About exporting, Sketch can also help here with export presets. You can save the formats and resolutions you need @2x, @3x, etc and load the presets as needed!



Things that set Sketch apart

One thing that sets Sketch apart is how easy and manageable it is to create reusable elements. Symbols, layer styles, artboard templates and color variables are very useful and when set as a library, you can turbocharge your workflow and save a lot of time down the road.

For branding work, you could create templates for UI Kits or base palettes for dark and light mode and each one of these can be a library, so you can also use them for creating deliverables consistently. Here’s a quite useful blog post about creating libraries

Nowadays we have this very big term, Design Systems, but brand manuals are a form of Design System that has been around for quite a while, and these can be created and maintained in Sketch!

What do you think so far? Have you tried these features? How did it go?


Hello Jorge,

Thank you for your response. I thoroughly enjoyed your well-crafted post. Your insights on the nuances between Affinity Designer and Sketch were enlightening. Indeed, Affinity Designer is often likened to Illustrator, but its unique capabilities make it stand out as quite formidable in its own right. My query on simultaneous editing across different artboards was about the ability to alter multiple panels at once, as shown here: MultiEditing.mp4 - Droplr.

Additionally, I appreciate features like Symbols, Layer styles, and the asset libraries, not to mention the style picker tool — it’s fantastic for applying uniform styles across various elements, such as buttons on different artboards.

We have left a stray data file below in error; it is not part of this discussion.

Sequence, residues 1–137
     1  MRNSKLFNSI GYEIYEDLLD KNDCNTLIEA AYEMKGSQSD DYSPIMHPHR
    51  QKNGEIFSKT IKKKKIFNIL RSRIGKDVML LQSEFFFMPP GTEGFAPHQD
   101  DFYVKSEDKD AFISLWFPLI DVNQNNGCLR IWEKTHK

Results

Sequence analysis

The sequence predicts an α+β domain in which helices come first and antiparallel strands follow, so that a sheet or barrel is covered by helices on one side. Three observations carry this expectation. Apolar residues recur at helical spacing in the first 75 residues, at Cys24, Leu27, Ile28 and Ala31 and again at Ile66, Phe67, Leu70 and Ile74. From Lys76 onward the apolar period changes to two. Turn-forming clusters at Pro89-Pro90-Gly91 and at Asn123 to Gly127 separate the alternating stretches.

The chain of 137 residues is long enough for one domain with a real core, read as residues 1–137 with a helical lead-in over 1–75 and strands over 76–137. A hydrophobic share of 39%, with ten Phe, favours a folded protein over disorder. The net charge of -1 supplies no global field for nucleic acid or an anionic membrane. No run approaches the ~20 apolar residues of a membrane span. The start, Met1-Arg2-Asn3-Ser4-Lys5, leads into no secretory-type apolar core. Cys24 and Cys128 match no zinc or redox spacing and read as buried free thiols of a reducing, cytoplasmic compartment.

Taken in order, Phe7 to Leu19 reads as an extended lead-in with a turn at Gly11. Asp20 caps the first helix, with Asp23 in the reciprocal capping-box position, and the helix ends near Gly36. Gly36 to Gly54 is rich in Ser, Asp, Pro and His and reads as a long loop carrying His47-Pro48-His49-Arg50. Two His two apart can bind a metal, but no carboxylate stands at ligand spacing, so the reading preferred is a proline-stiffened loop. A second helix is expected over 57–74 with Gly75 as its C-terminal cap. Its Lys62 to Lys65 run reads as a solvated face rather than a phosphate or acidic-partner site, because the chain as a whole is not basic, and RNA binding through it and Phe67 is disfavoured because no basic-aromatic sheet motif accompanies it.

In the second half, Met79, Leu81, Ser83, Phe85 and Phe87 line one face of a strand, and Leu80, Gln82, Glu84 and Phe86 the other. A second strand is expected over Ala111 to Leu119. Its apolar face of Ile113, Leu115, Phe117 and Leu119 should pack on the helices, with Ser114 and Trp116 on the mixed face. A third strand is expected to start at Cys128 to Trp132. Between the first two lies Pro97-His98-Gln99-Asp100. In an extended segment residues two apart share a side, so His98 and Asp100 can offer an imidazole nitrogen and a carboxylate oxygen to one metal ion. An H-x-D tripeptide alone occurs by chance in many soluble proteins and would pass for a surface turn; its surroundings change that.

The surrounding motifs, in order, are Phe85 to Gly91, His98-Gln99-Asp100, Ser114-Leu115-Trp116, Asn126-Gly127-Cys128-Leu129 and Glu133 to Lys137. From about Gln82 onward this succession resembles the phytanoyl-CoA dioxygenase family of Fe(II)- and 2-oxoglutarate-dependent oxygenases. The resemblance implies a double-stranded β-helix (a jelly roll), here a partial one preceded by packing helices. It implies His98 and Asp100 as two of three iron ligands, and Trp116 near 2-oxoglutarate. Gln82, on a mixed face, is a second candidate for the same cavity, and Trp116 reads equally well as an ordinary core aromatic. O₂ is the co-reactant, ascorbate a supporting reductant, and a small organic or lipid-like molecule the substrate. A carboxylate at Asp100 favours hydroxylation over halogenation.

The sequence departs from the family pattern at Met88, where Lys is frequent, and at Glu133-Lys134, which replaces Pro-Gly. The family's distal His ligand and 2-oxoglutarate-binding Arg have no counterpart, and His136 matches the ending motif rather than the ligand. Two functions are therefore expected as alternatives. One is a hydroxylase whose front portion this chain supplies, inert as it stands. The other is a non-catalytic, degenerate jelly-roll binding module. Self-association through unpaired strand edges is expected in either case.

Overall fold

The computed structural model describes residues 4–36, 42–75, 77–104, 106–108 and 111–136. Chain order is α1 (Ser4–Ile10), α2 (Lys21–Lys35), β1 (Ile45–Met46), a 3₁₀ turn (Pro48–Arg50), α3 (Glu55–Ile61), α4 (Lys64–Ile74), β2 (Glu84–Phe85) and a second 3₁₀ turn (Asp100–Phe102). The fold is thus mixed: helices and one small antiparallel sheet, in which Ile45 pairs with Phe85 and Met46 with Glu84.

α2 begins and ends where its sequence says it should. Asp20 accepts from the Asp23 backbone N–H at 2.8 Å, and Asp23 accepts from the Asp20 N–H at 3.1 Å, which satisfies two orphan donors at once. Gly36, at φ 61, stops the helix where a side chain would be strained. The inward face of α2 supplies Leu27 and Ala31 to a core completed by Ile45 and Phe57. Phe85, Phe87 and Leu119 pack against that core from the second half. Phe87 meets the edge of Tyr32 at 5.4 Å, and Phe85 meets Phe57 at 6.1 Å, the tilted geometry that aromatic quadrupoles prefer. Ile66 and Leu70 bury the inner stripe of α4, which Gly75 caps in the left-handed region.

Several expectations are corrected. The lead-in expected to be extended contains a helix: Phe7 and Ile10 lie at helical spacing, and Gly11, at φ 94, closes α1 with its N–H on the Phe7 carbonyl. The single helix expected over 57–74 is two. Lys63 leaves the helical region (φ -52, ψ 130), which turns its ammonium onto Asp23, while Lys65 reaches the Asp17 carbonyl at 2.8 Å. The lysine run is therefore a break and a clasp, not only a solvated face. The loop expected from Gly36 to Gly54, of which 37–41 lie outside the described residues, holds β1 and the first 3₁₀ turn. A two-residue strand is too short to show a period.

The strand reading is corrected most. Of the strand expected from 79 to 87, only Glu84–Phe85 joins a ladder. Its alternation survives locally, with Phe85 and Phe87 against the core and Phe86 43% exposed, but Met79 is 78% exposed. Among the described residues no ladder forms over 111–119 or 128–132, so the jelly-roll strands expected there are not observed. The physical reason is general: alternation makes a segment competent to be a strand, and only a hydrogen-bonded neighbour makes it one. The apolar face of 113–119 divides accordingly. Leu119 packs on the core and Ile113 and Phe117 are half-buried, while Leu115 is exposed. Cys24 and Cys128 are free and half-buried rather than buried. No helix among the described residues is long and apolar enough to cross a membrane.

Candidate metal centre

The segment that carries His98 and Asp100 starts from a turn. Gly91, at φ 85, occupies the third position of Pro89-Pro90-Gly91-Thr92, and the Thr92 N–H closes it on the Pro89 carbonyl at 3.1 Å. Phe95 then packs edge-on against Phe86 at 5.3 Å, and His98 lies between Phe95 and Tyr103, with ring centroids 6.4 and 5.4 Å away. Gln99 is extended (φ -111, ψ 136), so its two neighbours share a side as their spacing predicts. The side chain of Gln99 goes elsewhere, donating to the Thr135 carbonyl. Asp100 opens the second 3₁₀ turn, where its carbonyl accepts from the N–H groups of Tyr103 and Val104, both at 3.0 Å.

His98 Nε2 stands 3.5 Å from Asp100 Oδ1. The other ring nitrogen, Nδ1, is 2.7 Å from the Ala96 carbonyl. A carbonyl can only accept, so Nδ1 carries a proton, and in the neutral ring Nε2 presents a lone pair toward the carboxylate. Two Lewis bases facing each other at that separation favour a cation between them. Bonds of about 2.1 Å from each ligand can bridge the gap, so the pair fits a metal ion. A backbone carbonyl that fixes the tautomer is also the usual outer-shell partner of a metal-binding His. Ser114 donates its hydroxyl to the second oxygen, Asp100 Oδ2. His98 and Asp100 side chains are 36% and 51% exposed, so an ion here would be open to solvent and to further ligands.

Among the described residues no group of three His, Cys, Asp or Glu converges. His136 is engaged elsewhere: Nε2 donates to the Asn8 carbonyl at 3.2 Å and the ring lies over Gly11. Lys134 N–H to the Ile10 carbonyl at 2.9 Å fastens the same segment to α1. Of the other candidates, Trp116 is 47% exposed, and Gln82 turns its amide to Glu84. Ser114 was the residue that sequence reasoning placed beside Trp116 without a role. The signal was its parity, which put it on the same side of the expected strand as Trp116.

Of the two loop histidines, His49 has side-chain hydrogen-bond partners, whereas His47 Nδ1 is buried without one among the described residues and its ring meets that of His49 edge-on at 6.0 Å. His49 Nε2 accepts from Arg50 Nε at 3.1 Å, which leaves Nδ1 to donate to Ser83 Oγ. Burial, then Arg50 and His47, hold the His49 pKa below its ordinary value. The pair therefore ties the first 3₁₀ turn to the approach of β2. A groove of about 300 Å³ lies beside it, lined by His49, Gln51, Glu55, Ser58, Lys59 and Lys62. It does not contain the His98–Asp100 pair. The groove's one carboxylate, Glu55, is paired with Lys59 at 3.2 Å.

I realize I need to immerse myself more fully in Sketch to utilize its entire range of design features effectively. Up to this point, I’ve primarily been using Sketch to refine and finalize designs initially created in Affinity Designer, perhaps out of habit or from a sense that doing so somehow ‘validates’ the final product before I send it off to clients or agencies.

I often create SVGs in Affinity, then transfer them to Sketch, and sometimes I’ll convert web designs to PDF for final adjustments in Sketch. While I find design work intuitive and speedy using Affinity’s beloved tools, Sketch impresses with its precision and clarity for final project touches.

I’m in a bit of a dilemma, trying to discern whether to choose one application as an all-encompassing tool or to continue leveraging both in my workflow. Sketch has been a mainstay from the beginning, and I have a deep personal connection with it. I’m going to attempt to manage everything with Sketch going forward and will keep you updated on that journey.

Thanks once more for your valuable feedback!

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Hey Albert!

Thanks for this update. I’m very happy to read that you found my post useful.

Wow! That multi edit in Affinity is really nice! I didn’t know you could do that there, thanks for sharing!

I don’t know how you get it done in Affinity, but you can do it in Sketch with Symbols. Basically, you set your text symbol source and when you edit it, changes are propagated to all your instances. Take a look

Here’s the sample file as well, let me know what you think!
Multi edit demo file.sketch (4.7 MB)

I’d love to hear how it goes managing your projects and workflow in Sketch! And of course, we’re here to help with any questions or feedback! :raised_hands: